Product Design Internship
During Summer 2016, I worked at Asana as their first Product Design Intern. During my time there, I worked across Android and iOS, designing team pages for android, iterations to the visual design system, and Quick Actions for iOS. I also explored possible design directions for features on our future road-map using design research and interactive prototyping. In addition to this post, you can read more about my personal experience interning at Asana on Medium: Cameron@Asana for CMU Design League.
Team Pages for AndroidMy primary project while at Asana was designing new team management and navigation functionality into Asana's Android application. This involved working with the interaction flows and related visual & pattern design decisions that make up the Asana mobile experience. But first, what are teams in Asana and how did this functionality already work on desktop? Watch the below video from the Asana Guide on Team Basics for a basic understanding.
Design Territory MapAfter understanding how Teams existed in the web version of Asana, I drew a map of the territory within the Asana system on Android where the team-based functionality would be introduced — this helped me grok the complexity and interrelated aspects of the Asana experience on Android.
While designing team pages, I consulted our mobile user research and found, in summary, that users were sometimes confused about 'where in the application' they were. To address this, I prototyped multiple directions on how we could denote greater hierarchy and understanding around team pages, project pages, and the navigation between their task lists and conversations. Changes to the interaction design of Team Pages was ultimately scoped-out of the project.
Conclusion & ReflectionReflecting back on my experience designing team pages, it was an incredibly difficult and messy design assignment to receive as an intern. To address the design problem I had to work across and introduce entry points throughout a large swath of Asana's mobile experience, which required knowledge of a vast amount of the system — just acquiring the necessary knowledge to properly design and then advocate for my design took the majority of my internship.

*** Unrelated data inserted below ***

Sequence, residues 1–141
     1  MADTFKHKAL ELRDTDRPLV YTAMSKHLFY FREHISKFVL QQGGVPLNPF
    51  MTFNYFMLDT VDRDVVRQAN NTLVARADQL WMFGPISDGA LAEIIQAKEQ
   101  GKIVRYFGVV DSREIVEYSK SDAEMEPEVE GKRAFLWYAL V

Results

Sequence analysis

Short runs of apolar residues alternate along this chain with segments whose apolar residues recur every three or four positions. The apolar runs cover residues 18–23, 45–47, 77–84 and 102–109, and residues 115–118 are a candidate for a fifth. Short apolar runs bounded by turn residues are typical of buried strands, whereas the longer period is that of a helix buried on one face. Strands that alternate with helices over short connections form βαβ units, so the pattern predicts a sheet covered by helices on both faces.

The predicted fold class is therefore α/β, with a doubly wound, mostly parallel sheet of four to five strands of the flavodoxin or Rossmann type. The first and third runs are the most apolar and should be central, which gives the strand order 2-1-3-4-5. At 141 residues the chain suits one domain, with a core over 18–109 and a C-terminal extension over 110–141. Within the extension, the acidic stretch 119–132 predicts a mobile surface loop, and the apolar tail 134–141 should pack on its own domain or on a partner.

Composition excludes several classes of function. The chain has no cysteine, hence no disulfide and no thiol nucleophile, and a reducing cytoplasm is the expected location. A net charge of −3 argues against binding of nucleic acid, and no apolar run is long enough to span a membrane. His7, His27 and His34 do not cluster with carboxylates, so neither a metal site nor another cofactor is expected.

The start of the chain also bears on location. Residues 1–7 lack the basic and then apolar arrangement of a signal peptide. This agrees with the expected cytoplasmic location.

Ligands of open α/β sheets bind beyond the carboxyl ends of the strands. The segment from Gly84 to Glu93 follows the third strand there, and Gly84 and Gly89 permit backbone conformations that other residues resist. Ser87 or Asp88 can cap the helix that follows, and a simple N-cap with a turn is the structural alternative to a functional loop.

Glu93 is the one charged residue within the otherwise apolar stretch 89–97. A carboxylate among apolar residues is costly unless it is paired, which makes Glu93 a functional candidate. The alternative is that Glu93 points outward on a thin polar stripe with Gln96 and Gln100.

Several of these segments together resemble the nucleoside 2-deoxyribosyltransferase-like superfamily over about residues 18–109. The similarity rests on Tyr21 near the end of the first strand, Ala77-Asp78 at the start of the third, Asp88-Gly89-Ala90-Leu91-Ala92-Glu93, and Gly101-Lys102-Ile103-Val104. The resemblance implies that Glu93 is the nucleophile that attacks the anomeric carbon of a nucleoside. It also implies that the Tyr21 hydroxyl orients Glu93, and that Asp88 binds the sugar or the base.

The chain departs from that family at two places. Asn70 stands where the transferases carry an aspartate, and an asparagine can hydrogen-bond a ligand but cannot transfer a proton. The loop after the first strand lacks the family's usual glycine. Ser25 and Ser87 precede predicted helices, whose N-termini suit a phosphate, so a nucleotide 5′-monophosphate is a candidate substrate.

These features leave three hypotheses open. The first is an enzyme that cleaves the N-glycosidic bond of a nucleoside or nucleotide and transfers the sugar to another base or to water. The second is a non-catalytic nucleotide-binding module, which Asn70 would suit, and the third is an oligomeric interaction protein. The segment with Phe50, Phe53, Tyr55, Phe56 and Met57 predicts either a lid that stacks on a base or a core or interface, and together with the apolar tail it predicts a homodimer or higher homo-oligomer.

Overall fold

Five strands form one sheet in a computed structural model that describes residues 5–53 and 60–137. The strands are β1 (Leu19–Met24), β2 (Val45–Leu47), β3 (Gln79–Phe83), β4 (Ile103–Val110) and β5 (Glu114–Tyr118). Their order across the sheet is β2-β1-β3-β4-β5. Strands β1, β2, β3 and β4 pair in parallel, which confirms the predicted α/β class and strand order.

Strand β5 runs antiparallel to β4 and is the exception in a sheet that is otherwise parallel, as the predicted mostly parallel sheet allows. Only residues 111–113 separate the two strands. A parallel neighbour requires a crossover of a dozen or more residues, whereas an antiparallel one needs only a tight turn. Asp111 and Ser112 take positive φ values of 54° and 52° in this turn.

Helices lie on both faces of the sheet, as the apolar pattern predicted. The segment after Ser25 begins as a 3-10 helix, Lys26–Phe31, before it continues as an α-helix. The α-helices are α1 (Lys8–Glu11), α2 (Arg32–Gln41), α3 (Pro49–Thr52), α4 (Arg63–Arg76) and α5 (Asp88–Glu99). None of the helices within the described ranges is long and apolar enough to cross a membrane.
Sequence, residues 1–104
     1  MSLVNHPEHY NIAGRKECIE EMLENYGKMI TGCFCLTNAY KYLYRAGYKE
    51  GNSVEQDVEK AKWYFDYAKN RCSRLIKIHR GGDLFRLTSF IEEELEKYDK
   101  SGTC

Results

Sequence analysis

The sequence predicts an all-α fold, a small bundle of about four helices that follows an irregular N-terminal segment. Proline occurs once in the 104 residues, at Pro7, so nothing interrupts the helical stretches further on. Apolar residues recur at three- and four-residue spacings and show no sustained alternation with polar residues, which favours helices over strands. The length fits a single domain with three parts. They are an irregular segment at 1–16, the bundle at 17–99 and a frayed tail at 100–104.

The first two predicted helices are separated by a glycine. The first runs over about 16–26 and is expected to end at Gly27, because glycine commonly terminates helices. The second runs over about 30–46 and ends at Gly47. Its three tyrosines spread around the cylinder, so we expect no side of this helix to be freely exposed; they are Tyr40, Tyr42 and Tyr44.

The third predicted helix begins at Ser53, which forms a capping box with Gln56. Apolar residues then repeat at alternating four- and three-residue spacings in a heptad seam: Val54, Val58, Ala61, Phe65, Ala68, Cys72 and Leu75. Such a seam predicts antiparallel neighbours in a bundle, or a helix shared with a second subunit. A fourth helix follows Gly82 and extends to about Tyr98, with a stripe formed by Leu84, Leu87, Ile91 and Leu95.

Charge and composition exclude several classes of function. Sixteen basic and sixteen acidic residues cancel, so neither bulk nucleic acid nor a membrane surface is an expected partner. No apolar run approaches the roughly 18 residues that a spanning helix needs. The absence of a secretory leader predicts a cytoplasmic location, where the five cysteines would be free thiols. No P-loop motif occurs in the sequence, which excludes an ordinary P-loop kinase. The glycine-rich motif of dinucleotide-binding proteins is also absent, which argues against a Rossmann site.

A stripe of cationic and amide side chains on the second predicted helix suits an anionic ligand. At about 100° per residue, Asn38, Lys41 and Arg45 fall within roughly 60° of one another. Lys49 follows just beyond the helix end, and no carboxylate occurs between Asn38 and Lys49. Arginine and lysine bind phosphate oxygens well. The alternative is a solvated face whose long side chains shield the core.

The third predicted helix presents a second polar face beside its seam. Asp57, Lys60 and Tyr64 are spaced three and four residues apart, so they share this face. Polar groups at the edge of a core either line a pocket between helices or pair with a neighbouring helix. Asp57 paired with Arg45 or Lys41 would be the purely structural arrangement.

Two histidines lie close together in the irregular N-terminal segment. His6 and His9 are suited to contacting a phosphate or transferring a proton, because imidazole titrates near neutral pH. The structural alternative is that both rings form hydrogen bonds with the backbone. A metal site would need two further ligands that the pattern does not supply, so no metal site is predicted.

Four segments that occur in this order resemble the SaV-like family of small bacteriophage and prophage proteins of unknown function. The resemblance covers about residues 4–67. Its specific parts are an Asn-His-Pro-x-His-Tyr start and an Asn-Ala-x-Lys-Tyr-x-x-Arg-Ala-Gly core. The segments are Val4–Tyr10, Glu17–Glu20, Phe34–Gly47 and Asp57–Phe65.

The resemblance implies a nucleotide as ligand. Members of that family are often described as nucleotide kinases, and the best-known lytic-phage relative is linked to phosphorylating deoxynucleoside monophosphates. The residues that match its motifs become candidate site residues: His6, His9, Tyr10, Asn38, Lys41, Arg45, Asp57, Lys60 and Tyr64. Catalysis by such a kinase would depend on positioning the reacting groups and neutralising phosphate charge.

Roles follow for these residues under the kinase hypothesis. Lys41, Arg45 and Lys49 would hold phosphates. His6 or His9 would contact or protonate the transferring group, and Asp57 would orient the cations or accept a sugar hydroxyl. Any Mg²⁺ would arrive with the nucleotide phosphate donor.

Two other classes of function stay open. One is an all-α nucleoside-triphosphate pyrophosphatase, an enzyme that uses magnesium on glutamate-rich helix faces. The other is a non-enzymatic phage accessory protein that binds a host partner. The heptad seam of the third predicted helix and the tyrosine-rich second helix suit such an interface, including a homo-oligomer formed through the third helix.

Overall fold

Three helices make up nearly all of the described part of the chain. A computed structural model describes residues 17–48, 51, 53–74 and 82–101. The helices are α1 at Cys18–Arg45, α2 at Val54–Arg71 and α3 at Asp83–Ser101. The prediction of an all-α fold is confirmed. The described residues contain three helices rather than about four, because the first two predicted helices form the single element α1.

Moreover, gaining the respect of my peers and learning how to adequately make arguments for changes that touched multiple parts of the Asana experience was harder still. Suffice to say, this wasn't a sandbox project with a clear slate, and explaining what I did while at Asana isn't the cleanest "A to B" story. However, learning how to get up to speed on a complex product with lots of stakeholders and decision history was an experience I wouldn't trade for anything.
My two biggest takeaways from working at Asana:(1) "Ship Cupcakes," which derives from a conversation I had with my PM on how to get design out the door and into the product; the alternative to cupcakes being 'wedding cakes,' which are large and perfect, but never get built.
(2) Large systems take time to learn and it takes more time to to learn how to design for them. It's something I'm better at now than ever before, but also something that I realize makes me an abnormal observer and user of a product — trying to put yourself back in shoes of a first time user is something I always try to do.
My work on team pages shipped in the middle of December 2016, you can read about it on the Asana blog.
Researching & Prototyping Future Features
Throughout my internship, I was occasionally involved with projects that fell outside my main work on Team Pages for Android. I worked on prototyping, design research, and exploration for Boards in Asana, Mobile Quick Add, and Calendar for Mobile.
BoardsBoards in Asana is a new feature that makes Asana more visual and usable for multi-stage work. Boards launched in November 2016, but I had the opportunity to co-design on the project with Paul Velleux during my time on the mobile team. One of the issues Boards faces on mobile, is the aspect ratio of the smartphone display: portrait. This doesn't map well to desktop, where the standard landscape orientation makes seeing multiple columns at once easy. Because of this, many issues arise, including the navigation between boards and movement of cards across boards.
Mobile Quick AddNear the end of my internship, I had a brief moment to investigate the Quick Add button on Mobile Asana. It's the entry point for a lot of primary functionality (i.e. new tasks) and was going to be overhauled in the near future, I didn't get to finish this project, but I do have some niblets of early research and design.
Mobile CalendarBefore starting my primary work on Team Pages, I briefly got up to speed by researching the possibility of bringing desktop Asana's calendar view to mobile. One interesting quirk with this project was modeling a certain aspect of the desktop's design while working on ideation for the mobile version — that aspect was a gradual colour change in grey values used across the n number of days in any given month. To save time clicking in sketch, I whipped up a quick DrawBot application that would spit out all of the steps between the two greys for any number of slices.
Quick Actions for iOSDuring the last week of my internship, I had the unique opportunity to write the spec for my own feature and work with Asana's engineers to ship Quick Actions for 3D Touch. The final spec included Quick Actions for New Task, New Task with Photo, Inbox, and Search.
New Task with Photo, in particular, was a feature that I advocated hard for, using information from our mobile user research to reinforce the idea that Asana was missing opportunities to capture 'the seeds of work' on mobile and precedent from other applications, like Google Keep, to make the argument for its inclusion.
¬ not all features here shipped exactly as represented.